“Baby, It’s Cold Outside” is an Academy Award-winning popular song written by Frank Loesser in 1944, which gained wide recognition in 1949 when it was performed in the film “Neptune’s Daughter.”
During the 1940s, whenever Hollywood celebrities attended parties, they were expected to perform. In 1944, Loesser wrote “Baby, It’s Cold Outside” to sing with his wife, Lynn Garland, at their housewarming party in New York City at the Navarro Hotel. They sang the song to indicate to guests that it was time to leave.
Garland has written that after the first performance, “We became instant parlor room stars. We got invited to all the best parties for years on the basis of ‘Baby.’ It was our ticket to caviar and truffles. Parties were built around our being the closing act.”
In 1948, after years of performing the song, Loesser sold it to MGM for the 1949 romantic comedy Neptune’s Daughter. Garland was furious: “I felt as betrayed as if I’d caught him in bed with another woman.”
In the film Neptune’s Daughter the song is first performed by Ricardo Montalbán and Esther Williams, then by Betty Garrett and Red Skelton but with a comic parody twist: this time the man wants to leave and the woman is the host and wants him to stay.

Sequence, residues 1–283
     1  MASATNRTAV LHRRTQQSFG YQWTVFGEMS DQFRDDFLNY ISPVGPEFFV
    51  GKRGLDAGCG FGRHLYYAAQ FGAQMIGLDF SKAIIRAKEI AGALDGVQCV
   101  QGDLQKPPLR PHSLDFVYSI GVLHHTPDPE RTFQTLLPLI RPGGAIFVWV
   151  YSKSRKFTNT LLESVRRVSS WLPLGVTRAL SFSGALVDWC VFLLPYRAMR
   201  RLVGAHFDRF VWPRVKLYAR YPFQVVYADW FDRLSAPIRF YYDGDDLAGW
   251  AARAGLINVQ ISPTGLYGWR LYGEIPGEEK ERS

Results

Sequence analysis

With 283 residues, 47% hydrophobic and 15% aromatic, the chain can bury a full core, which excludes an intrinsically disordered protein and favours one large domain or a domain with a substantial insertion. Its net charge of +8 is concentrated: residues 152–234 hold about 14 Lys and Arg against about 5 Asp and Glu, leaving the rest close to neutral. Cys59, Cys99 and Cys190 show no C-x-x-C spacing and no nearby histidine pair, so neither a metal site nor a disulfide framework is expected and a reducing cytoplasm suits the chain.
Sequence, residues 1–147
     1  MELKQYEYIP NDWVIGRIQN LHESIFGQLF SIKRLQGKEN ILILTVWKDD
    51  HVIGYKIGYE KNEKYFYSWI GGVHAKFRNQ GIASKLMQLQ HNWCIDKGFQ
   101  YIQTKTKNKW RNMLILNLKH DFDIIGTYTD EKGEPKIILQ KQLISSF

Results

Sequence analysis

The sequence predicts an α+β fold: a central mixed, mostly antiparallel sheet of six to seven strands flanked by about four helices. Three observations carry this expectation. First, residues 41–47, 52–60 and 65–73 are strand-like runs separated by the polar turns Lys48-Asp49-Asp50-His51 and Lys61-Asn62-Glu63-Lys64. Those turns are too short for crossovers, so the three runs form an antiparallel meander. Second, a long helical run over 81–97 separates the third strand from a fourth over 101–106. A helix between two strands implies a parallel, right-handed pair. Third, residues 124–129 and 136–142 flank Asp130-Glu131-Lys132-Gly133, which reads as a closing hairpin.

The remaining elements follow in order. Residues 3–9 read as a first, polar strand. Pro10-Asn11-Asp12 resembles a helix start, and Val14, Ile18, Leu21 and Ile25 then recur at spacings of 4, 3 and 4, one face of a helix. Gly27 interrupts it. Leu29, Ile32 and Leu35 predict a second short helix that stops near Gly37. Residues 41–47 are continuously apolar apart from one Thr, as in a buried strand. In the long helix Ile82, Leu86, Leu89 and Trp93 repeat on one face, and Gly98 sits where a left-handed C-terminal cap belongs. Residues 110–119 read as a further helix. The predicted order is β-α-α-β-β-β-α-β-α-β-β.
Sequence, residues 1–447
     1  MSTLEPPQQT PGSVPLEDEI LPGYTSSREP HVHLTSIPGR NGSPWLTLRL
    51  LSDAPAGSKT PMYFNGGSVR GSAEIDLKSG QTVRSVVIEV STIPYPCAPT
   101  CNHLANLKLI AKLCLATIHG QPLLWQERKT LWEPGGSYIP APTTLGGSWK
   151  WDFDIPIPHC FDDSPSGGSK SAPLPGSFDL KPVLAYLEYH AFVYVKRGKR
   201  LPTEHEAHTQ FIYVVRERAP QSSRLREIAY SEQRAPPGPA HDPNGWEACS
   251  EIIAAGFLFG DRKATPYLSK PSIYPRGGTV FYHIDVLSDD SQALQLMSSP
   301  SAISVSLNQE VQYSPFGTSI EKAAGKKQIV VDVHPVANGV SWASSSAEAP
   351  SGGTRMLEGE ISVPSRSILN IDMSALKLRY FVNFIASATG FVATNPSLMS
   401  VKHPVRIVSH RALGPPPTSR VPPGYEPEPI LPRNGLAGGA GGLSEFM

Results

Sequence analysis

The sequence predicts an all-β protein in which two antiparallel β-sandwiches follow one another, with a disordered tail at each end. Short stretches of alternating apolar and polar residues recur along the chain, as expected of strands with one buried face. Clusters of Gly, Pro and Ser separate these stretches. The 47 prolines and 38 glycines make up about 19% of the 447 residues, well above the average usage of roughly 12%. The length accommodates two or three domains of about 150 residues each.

The song won the 1949 Academy Award for Best Original Song.
While the lyrics make no mention of any holiday, it is popularly regarded as a Christmas song owing to its winter theme. The song was released in no fewer than 8 recordings in 1949 and has been covered numerous times since.
I’m just sayin’….
Hey! Looking for a new holiday movie? Looking for a *gay* holiday movie? I mean they’re a rare treat to find.
Well if you are, then PLEASE do NOT see—for your own sake—“Walk a Mile in My Pradas.”
Oh, dear what a horrible film, and on so many levels. I can forgive the low budget. So many “gay” movies have a low budget. But this movie? Well, it bordered on downright offensive.
I mean the acting—and it really can’t be called acting—was terrible. But I will get back to that….